5 Ways to Kick Start Your Metabolism


Disclaimer: Before self diagnosing yourself with an underactive thyroid, get to your doctor and request a blood test! The hormonal panel test you request should include T3, T4 and TSH (Thyroid-Stimulating Hormone). T3 and T4 hormones regulate the rate of metabolism, while TSH regulates the output of these hormones.

If your test shows you’re below the healthy range in one or all of these three, then you may be a candidate for T3/T4 therapy and can be prescribed them via pharmacological means. Even though I’d prefer to address the issue naturally first, if you’re low enough that your doctor recommends it, by all means listen to him/her! However, if you’re low but still in range, it’s unlikely a prescription is forthcoming from your physician. In that case, here are some natural ways to go about reviving the metabolism of your youth!

1. First off, don’t starve yourself! I’m not going to get into the medical mumbo jumbo behind this, but if your calories drop too low for any extended length of time, your body will kick in its survival defence mechanism and slow fat loss to a crawl. Some studies suggest your body actually uses lean body mass for energy in these circumstances, since it’s a more readily available energy source. BAD. Eat frequent, small meals throughout the day.

2. Get your sweat on daily. For optimal thyroid function, you must exercise (at a minimum of three days a week). I strongly suggest working out every day so your thyroid gets a boost daily. That doesn’t necessarily mean lifting weights, as there’s plenty of alternatives including biking, swimming, jogging, and even walking (if you’re going about it briskly!). Any form of cardio, really.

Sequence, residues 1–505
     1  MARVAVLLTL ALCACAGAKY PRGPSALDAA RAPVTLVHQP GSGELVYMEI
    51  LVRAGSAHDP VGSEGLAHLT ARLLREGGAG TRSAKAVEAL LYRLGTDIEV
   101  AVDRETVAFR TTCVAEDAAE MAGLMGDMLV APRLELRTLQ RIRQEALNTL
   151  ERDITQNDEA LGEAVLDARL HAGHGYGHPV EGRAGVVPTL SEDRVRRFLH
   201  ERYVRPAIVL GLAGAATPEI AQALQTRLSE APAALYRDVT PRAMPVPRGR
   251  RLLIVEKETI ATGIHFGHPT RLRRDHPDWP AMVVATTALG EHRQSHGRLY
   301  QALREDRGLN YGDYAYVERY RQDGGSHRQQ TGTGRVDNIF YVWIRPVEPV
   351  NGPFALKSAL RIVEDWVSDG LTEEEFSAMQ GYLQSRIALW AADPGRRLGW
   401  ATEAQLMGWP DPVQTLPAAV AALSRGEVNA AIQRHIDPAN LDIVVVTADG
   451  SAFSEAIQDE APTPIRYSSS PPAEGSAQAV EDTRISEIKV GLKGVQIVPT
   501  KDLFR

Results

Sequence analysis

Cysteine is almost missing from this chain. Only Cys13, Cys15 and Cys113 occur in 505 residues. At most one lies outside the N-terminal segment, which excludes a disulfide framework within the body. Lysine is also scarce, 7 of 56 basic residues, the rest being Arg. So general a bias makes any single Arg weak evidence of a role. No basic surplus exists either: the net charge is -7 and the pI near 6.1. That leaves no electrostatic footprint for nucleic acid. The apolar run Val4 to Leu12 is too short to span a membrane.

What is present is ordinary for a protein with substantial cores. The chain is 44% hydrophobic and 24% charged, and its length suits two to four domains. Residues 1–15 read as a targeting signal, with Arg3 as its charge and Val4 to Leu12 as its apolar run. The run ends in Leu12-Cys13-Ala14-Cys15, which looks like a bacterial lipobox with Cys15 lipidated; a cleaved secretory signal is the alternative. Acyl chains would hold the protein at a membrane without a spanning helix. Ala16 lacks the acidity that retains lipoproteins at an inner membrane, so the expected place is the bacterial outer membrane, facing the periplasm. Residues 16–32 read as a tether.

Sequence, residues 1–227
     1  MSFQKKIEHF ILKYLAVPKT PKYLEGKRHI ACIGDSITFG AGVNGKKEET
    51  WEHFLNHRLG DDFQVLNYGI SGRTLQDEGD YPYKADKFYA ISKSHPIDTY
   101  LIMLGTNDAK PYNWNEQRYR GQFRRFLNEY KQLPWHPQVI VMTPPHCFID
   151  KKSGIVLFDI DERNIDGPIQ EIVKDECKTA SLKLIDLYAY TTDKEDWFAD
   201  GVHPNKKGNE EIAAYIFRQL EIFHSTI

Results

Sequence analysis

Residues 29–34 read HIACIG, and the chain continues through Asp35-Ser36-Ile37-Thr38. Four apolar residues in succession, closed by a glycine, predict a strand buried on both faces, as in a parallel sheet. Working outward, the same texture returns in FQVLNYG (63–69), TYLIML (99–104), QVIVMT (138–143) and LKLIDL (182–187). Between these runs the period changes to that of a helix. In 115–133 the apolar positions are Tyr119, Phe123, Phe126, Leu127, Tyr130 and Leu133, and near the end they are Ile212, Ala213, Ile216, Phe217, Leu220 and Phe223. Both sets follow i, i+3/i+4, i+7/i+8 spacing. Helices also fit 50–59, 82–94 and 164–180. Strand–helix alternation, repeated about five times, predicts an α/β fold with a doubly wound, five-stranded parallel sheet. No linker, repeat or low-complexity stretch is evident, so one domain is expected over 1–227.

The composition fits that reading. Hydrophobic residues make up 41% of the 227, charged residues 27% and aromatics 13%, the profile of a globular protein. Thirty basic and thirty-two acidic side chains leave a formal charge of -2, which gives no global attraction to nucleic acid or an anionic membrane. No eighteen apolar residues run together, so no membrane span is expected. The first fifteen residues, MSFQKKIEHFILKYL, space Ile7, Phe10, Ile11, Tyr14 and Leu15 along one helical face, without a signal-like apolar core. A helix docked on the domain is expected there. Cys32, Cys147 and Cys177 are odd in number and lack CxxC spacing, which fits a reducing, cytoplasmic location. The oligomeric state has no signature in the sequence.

3. Eat seafood! The following provide good sources of dietary iodine, which stimulates production of thyroid hormone output: Canned sardines, canned tuna, clams, cod, haddock, halibut, herring, lobster, oyster, perch, salmon, sea bass, and shrimp.

4. Avoid pairing foods called goitrogens with your meals containing seafood, as they’ll negate the absorption and lower thyroid function. *Although, studies suggest cooking these foods inactivates their anti-thyroid properties, still eat them in moderation. The list of foods to avoid include cauliflower, pears, almonds, corn, Brussels sprouts, mustard, cabbage, kale, broccoli, peaches, canola oil, peanuts and spinach.

4. Take your vitamins. Iodine supplementation is available OTC as “Kelp” (seaweed). Combining kelp with a tyrosine supplement provides a synergistic approach to boosting thyroid function. Iodine and tyrosine are responsible for synthesizing T3 and T4. According to the Merck Manual of Diagnosis and Therapy, less than 20 mcg per day of iodine results in iodine deficiency; while an iodine intake 20 times greater than the daily requirement (2 mg) results in chronic iodine toxicity. Source. Like anything, use in moderation. More isn’t necessarily better, though kelp supplements usually come in small increments of 150 mcg per tablet so overdosing would require a steady diet of pills daily. 2-3 tabs a day should be enough to get things started in the right direction.

5. Avoid processed foods. This tends to crop up in every blog I do… but too many refined carbs and processed foods have repeatedly been viewed as a huge factor in people with sub-clinical and full blown hypothyroidism. Chronic inflammation and yo-yoing insulin levels are never good, and the thyroid is just one bodily process that takes a hit from a steady diet of junk. Eat sugar in moderation.



Mitch Calvert is a Winnipeg-based fitness coach for men and women like his former self. Heavyset in his 20s, he lost 60 pounds and now helps clients find their spark and lose the weight for life.